Home » Undressing Disability: Emily Yates at TEDxYouth@StPeterPort (Transcript)

Undressing Disability: Emily Yates at TEDxYouth@StPeterPort (Transcript)

What I want to propose is that we have inclusive sex education. Because, as you heard in the video, disabled women are twice as likely as their able-bodied peers to suffer from sexual abuse. Twice as likely.

Now, we all know and probably accept that disability does equal a degree of vulnerability. But what doesn’t aid that vulnerability is the fact that sex education in schools currently isn’t very relatable for anybody with a disability.

A girl in a wheelchair would sit in a lesson, and she’d be watching these sex ed videos, and their bodies would function totally differently to hers. They don’t look like her body looks. So she comes out of the lesson with, actually, very little knowledge of how her body would work within sex. Very, very similar situation for somebody who is hard of hearing or somebody who has a learning difficulty.

The content within these sex education lessons is really tough to understand if your reading age isn’t particularly high, for example. You come out of the lesson none the wiser about intimacy and relationships.

Where are you supposed to get that information from? We can now see that’s where that vulnerability increases, and that’s where the chance of sexual abuse increases as well. It’s really, really important that we think about that. Enhance the UK have set up a petition on change.org.

So please, if you fancy signing it, please do so, just search for us.

The third point: upping the ante in how caring we are. Many young disabled people require a little bit of care and support, within their home lives, within their school lives, whatever they’ve got going on. One thing that often isn’t in any of their care plans is anything to do with sex and relationships. Particularly for young disabled boys going through puberty, they are often labelled as naughty, aggressive and angry.

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When, actually, they are probably really flipping sexually frustrated, with nobody to talk to about it, nowhere to turn, and no idea of what’s going on within their bodies. This is something that, again, we must change.

The good thing is that we are all sat here today, and we’re having a conversation about it. And these conversations are happening, they are increasingly becoming out there for people. So, there is something that is going on that’s brilliant.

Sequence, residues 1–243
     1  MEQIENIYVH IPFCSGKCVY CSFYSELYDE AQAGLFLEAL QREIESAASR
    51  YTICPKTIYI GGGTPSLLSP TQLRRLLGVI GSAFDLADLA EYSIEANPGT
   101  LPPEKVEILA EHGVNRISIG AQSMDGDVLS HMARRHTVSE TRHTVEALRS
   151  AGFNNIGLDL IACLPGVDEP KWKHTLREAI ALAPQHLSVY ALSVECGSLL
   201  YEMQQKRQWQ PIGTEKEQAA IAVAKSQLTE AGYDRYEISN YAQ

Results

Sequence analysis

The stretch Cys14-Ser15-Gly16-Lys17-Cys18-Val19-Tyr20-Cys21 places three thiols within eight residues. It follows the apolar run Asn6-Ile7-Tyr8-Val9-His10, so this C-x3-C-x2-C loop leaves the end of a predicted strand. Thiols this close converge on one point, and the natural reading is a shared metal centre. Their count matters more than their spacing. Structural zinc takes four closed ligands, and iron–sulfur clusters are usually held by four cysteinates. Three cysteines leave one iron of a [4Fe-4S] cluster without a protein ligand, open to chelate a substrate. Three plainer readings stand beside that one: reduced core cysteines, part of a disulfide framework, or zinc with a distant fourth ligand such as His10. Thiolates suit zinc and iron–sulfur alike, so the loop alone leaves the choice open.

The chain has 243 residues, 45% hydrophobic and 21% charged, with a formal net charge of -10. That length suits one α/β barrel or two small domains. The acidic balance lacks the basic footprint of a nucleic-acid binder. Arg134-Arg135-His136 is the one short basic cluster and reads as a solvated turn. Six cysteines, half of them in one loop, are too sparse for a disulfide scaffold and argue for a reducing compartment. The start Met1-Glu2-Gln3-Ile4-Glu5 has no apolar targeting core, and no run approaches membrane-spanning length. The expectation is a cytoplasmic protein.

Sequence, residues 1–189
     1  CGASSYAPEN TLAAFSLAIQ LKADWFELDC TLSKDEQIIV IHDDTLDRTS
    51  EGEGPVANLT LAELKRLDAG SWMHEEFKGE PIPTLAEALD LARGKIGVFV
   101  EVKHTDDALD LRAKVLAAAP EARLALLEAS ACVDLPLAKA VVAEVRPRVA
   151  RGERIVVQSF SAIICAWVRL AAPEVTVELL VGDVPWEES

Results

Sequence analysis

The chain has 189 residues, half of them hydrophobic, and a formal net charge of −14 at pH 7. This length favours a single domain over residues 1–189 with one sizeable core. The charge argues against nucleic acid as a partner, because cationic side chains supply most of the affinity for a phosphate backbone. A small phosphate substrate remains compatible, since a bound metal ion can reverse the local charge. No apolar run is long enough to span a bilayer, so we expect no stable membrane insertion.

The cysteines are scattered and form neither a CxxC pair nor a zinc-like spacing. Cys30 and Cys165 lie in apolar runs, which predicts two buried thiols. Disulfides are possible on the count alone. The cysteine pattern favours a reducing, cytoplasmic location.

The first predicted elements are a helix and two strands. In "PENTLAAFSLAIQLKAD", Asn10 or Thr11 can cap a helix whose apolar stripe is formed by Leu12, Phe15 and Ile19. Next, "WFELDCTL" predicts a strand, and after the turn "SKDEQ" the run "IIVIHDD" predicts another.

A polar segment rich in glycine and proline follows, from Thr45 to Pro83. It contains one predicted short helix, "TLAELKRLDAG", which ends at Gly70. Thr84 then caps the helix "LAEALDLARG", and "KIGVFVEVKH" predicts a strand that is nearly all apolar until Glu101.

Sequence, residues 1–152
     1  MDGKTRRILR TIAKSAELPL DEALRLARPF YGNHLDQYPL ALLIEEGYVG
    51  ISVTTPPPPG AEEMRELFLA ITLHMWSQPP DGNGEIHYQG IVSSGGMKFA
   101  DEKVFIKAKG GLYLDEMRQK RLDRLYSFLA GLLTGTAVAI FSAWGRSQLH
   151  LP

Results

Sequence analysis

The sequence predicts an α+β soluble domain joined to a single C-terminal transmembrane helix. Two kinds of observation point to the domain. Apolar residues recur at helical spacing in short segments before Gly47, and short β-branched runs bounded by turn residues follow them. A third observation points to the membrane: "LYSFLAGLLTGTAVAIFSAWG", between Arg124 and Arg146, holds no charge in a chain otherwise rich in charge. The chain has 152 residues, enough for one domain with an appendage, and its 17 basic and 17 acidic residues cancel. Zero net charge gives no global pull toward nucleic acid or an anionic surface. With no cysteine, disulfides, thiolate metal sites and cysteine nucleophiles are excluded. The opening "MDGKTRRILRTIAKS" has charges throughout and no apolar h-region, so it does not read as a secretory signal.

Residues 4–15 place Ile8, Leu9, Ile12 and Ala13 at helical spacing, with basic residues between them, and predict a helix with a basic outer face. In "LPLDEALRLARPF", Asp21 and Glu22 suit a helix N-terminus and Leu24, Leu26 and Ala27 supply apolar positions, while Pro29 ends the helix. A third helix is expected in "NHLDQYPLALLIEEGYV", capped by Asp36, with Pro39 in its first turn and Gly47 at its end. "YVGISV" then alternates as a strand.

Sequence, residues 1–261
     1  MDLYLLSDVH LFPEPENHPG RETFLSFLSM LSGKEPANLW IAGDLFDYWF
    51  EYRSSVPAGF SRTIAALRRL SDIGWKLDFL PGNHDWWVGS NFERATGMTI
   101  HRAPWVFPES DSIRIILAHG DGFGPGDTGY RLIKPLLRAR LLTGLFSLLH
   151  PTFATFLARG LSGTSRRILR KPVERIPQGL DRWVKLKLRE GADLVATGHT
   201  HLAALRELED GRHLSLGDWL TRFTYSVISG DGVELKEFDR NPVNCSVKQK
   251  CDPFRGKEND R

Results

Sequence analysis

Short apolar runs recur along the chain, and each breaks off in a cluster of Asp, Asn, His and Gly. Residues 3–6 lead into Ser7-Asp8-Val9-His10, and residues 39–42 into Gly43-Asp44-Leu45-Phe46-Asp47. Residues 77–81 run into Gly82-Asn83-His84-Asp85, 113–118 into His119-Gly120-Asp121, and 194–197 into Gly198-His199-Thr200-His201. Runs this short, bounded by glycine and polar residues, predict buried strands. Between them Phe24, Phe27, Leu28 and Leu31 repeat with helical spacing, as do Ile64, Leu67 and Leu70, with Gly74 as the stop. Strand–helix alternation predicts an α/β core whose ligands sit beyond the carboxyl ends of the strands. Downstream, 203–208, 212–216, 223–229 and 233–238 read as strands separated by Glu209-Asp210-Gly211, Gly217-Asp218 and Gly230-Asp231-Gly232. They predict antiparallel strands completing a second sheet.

But there is also another side of my talk that I need to talk to you about. And that’s a rather uncomfortable subject of devoteeism. Devoteeism is probably something that not many of you have heard about, because it really is an underground world. It is something that I have only just discovered after presenting a BBC 3 documentary on disability and sex. Devotees are people who find people with disabilities sexually attractive because of their disability.

Whether you be a wheelchair user, an amputee, or managing incontinence on a regular basis. That issue is really, really attractive to a devotee. It might be hard to believe, but if I were sat in a bar with hundreds of models, a devotee might just pick me.

Now, there’s something about devoteeism which can be really empowering. You know, disabled people feel 100% accepted for who they are, for every little piece of them, and especially for the pieces of them that mainstream society has often told them are not very desirable.

So, devotees can be a great thing. But there can also be a lot of vulnerability and power issues surrounding devoteeism. Devotees are known to stalk people with disabilities, are known to set up fake social media profiles, are known to film disabled people on their mobile phones as they are going and doing their weekly shop. This is something that people with disabilities and without disabilities need to be made aware of.

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Devotees can also create online catalogues of what they call Disability Porn. Don’t mistake this for the porn that we all know. Disability porn rarely has any sexual acts in it whatsoever. It really does just involve people with disabilities doing the most boring, everyday tasks that you can imagine. Transferring from their bed to their wheelchair, having a wash in the morning, going around Tesco, or getting in and out of their car. To me and you, not really worth seeing.

But the whole point is that these tasks exhibit the disabled body and show a struggle which devotees find sexually arousing. I’m not here to judge, I’m not here to advocate for or against a relationship with a devotee.

What I am here to advocate, and what Enhance the UK is here to advocate, is for everybody to know their sexual rights, for everybody to have an opportunity to have a filling, satisfactory, consensual, exciting relationship, whether they have a disability or not.

We are also fighting for an informed understanding within education, an inclusive education at that I hope I’ve given you some insight into the world of disability and sex.

Thank you so much.

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